Shure E3c Sound Isolating Earphones
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- Smallest of Shure E-series Weighing only 0.9 ounce - less than 1 ounce
- Instead of bulky headphones, E3 wearers get form-fitting earpieces that stay securely inside the ear without uncomfortable headbands
- Sound isolation prevents outside noise from interfering with the music, and creates a quiet space for exceptional audio clarity
- The studio grade, low mass, high energy micro-speakers employ balanced armature technology for more efficient output and extended high frequencies
- Compatible for use with 1/8 inch (3.5 mm) audio output ports
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|Item Dimensions||—||7 x 3 x 2 in||2.2 x 7 x 6.2 in||6.2 x 2.2 x 7 in||2.6 x 9.1 x 5.7 in||0.5 x 1 x 0.5 in|
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Get these Shure Sound Isolating Earphones for when music really matters. They produce an audiophile listening experience with their studio-quality sound, and they are small and ultra light with a compact design, making them ideal for active listening while you're on the go. These high-energy micro-speakers deliver great tonal balance across the entire frequency range, revealing the subtle details of original recordings, and the foam and soft rubber sleeves customize your degree of isolation and reduce outside noise. Imported.
If you're looking to upgrade your portable music listening experience, the Shure E3c sound isolating earphones deserve a serious look. The E3c's offer a level of sensitivity and range that places them in the audiophile tier of earphones and fortunately, Shure has priced them to make this kind of quality within reach.
In many ways, judging sound quality is all about making comparisons, and when the E3c's are matched against their big brother, the Shure E5c earphones, the E3c's do reveal a noticeable loss of dynamic range and clarity. Of course, the E5c's are worth every penny for those who want to spend more on earphones than they spent on their iPod. The E3c's, on the other hand, come out a clear winner when you weigh their quality and cost.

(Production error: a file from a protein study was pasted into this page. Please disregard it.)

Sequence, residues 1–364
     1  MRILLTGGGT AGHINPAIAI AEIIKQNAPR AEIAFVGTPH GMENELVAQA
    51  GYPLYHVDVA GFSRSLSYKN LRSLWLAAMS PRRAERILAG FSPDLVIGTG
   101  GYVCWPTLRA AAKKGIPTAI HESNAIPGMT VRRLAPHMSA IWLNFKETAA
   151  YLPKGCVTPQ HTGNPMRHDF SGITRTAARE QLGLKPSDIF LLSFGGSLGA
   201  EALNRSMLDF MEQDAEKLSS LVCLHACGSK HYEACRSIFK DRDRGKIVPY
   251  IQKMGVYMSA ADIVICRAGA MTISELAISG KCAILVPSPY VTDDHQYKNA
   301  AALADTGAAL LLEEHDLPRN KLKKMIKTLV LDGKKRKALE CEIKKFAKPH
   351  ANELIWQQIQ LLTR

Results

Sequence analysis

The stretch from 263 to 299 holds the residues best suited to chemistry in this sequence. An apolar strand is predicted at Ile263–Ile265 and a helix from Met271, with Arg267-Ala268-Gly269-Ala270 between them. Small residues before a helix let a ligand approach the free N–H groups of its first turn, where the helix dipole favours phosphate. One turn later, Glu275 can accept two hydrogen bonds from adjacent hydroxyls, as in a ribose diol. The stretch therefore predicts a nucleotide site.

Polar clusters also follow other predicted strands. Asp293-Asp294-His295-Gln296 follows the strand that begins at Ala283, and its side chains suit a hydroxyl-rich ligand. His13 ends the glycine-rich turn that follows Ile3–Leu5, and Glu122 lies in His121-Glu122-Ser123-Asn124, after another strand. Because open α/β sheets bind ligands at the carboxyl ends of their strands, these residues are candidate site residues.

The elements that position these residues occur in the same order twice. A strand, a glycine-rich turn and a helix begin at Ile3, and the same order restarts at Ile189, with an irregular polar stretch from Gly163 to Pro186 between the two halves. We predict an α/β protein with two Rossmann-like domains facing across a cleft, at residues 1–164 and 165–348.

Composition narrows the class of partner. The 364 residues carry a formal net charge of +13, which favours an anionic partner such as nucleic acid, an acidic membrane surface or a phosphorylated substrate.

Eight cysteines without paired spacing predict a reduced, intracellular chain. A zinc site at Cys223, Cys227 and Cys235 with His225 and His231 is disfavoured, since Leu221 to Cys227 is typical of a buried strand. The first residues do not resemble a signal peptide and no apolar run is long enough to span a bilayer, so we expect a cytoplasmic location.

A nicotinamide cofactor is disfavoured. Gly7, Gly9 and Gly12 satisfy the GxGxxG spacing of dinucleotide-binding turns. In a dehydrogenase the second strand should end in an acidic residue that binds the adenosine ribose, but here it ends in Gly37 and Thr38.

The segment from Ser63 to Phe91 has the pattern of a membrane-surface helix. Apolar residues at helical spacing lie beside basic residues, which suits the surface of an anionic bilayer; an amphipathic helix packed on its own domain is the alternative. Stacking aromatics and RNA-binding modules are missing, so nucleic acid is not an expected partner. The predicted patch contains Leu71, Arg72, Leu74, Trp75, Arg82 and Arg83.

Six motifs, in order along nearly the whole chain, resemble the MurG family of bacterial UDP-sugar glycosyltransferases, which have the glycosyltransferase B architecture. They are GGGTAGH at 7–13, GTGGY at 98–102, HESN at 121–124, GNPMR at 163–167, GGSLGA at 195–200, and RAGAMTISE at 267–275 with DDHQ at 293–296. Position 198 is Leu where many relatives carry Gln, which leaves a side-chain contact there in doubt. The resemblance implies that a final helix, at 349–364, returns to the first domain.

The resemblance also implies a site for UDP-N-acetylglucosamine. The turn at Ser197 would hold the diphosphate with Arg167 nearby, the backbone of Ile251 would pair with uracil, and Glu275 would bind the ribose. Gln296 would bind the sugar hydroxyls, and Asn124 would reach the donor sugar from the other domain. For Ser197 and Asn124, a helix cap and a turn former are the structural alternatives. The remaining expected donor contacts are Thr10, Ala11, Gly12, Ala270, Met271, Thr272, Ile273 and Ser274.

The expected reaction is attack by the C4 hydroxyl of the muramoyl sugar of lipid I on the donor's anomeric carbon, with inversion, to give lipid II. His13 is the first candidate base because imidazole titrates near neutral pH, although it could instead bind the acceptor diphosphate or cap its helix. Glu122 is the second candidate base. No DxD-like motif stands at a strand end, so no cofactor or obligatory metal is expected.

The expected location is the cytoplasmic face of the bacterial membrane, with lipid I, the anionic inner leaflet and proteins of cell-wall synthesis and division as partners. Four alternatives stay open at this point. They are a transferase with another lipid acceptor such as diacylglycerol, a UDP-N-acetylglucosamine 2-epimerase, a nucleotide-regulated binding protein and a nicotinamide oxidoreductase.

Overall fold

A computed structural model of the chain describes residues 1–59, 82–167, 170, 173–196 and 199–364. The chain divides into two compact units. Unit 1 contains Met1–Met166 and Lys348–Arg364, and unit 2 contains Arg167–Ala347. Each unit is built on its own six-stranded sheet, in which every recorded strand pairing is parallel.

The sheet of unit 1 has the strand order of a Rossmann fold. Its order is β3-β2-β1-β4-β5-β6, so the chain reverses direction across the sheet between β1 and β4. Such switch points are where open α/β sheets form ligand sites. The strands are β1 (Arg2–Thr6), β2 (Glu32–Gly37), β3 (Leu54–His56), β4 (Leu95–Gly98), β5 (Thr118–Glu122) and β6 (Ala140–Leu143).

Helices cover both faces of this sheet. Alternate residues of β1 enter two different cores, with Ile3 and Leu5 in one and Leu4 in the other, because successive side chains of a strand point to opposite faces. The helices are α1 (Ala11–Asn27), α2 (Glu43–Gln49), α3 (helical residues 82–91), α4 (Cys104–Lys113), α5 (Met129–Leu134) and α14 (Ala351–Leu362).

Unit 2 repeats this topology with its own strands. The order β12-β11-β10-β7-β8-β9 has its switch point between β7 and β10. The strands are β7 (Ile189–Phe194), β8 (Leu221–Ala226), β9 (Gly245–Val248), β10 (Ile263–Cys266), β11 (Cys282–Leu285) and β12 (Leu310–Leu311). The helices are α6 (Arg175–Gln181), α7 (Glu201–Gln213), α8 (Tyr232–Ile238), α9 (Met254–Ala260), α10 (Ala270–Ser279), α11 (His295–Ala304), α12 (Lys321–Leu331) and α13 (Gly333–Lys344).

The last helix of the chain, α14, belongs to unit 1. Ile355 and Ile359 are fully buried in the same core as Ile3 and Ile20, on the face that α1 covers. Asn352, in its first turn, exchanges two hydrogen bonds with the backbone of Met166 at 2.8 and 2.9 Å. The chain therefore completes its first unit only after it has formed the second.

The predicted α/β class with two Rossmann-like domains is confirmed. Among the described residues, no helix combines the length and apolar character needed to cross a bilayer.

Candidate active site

The E3c earbuds are small and easy to insert in the ear-- easier, in fact, than the E5c earbuds, which are larger and less friendly to folks with small ears. The E3c's thin and pliant cords are light and easy to manage. They're also designed to be looped over the back of the ear, but some testers found it uncomfortable and awkward to keep them there. These testers also said they preferred inserting the earphones upside down, letting the cords dangle downwards from the ear to avoid hassles. By comparison, the E5c earphones feature a bendable stiffening material in the section of cable that runs behind the ears, allowing the listener to loop the cables over and behind the ear more securely. It would be nice to see this simple solution added to the E3c earphones.
Shure did choose to give the E3c's the same gold-plated, 3.5mm input connector as the E5c's. The connector has a low-profile elbow bend to minimize accidental unplugging and snags-- great for laptop and airline users. And just like the E5c's, the E3c's come with a number of earplug "sleeves" packaged in what Shure calls a "fit kit". Our testers had little trouble finding a sleeve that felt comfortable. We especially liked the expanding foam sleeves that, like those foam dinosaurs that grow in water, expand to fit the contours of the ear canal.
As we listened to a broad range of musical genres on the E3c earphones it was hard, once again, not to make comparisons with the E5c's. If you aren't even entertaining the notion of purchasing the E5c's, then make sure you never have occasion to listen to them. Rest easy in the knowledge that the E3c's deliver clear, crisp highs and rich, thundering lows. Delight in the fact that they excel at delivering the celebrated earphone experience; the external world is largely silenced and the music resonates inside your head. Meanwhile, if you are toying with the idea of stepping up to the E5c's, go ahead and give both models a listen. Although the difference between the two is not stark, we immediately noticed that we had to drive the E3c's at higher volume to get the same kind of resonance and fullness the E5c's deliver at a relatively lower volume.